Washington: “1. The CCSS will produce ―economies of scale that will result in opportunities to leverage and blend resources (fiscal and content expertise) at local, regional, state, national levels, and that will decrease the costs of ―going-it-alone with different state standards.
2. Newly purchased instructional materials in both subjects are likely to align well with the CCSS – there will be more aligned and consistent support for this on a larger scale. If adoption of the CCSS does not take place school districts will continue to need to purchase and/or develop supplemental materials.
3. There will be increased alignment between K–12 expectations and college entrance expectations, which may result in fewer financial resources going to support student remediation.”
Tennessee: “The costs of preparing students to meet the Common Core State Standards are similar to the costs currently allocated for the education of children. The Tennessee Department of Education and local schools and districts have always paid for assessment, professional development of teachers, and materials and resources. These costs will continue, but the transition to Common Core State Standards should involve similar costs as administration of the current Tennessee Diploma Project standards.”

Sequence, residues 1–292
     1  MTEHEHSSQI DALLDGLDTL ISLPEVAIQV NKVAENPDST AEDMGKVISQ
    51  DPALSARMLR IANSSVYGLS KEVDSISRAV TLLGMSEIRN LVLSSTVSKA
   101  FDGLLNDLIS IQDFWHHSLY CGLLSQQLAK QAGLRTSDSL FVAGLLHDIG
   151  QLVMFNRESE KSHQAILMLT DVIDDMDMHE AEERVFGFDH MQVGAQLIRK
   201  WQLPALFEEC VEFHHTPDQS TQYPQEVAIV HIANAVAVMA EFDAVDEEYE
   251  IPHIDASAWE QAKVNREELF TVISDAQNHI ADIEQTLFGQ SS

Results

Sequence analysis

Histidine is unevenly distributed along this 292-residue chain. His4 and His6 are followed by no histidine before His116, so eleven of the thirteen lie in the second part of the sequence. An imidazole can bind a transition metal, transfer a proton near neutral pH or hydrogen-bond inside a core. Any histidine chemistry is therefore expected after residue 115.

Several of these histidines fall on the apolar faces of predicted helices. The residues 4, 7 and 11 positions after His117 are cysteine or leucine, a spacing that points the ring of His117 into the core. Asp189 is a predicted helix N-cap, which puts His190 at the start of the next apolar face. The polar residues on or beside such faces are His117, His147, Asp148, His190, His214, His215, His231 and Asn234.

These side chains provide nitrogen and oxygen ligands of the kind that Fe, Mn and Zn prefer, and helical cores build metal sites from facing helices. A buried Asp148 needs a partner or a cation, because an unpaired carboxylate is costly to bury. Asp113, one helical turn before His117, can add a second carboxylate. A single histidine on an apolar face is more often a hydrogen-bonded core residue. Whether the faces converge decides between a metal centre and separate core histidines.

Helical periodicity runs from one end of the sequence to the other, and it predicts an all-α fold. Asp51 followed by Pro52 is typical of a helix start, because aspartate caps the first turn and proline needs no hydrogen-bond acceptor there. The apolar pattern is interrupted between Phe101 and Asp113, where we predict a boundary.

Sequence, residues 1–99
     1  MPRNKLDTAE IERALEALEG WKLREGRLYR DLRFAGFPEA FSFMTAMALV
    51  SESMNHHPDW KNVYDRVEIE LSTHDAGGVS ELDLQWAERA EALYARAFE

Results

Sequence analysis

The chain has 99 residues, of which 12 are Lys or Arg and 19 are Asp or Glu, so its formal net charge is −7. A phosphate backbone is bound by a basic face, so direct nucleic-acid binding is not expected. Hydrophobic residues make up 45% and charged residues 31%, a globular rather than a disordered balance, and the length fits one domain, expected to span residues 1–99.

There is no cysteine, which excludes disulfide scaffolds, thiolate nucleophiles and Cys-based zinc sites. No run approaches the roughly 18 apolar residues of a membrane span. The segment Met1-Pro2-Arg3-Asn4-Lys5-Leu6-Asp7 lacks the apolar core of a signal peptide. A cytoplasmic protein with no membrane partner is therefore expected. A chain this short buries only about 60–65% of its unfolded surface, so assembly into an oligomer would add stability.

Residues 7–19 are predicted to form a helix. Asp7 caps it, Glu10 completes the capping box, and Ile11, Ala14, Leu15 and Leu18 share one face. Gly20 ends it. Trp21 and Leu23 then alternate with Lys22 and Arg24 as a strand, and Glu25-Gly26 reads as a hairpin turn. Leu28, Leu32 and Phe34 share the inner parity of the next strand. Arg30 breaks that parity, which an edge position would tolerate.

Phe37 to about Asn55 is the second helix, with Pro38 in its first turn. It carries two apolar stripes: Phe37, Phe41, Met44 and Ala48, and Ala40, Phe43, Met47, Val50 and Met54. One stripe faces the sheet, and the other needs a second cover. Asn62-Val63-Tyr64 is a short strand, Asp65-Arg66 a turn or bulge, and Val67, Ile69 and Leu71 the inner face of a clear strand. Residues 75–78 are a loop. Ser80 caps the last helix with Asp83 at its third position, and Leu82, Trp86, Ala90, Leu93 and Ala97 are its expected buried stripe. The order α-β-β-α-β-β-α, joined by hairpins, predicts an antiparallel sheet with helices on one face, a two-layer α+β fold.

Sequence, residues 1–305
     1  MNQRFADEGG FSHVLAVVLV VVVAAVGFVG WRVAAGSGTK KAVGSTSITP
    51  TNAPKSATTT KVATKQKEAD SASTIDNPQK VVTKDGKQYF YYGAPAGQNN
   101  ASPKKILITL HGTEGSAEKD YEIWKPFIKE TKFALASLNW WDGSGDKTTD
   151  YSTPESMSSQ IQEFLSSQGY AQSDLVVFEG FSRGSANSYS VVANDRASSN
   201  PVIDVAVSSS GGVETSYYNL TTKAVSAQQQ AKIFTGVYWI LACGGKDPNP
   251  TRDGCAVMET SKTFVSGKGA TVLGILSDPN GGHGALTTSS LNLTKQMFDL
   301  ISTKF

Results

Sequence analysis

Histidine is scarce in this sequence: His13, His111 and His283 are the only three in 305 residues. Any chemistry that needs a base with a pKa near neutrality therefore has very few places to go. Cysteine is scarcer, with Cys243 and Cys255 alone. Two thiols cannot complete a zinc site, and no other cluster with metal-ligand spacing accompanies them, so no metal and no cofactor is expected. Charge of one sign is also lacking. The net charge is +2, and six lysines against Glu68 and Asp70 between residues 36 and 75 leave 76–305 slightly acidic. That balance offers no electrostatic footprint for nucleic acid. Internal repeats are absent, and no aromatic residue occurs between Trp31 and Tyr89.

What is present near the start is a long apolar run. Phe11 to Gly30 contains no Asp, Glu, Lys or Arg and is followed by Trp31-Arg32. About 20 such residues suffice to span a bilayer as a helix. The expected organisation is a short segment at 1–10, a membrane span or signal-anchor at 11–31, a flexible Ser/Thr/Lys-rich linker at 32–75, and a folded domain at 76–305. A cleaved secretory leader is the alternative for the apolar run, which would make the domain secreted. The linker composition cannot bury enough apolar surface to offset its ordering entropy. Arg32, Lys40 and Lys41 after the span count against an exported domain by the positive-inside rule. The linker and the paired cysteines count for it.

I do wonder, though, whether we need these far off examples. California, for instance, buys its textbooks in a much different manner from New Hampshire. For example, I have been working for the past 15 months in Malden (MA) on a school transformation initiative with the Massachusetts Education Partnership’s District Capacity Project. I have asked Superintendent DeRousi about the cost the district has incurred as a result of their transition to the common core and he informs me that they have adjusted within their budget normal cost for the transition (e.g., professional development, technology, etc.). No additional funding was needed.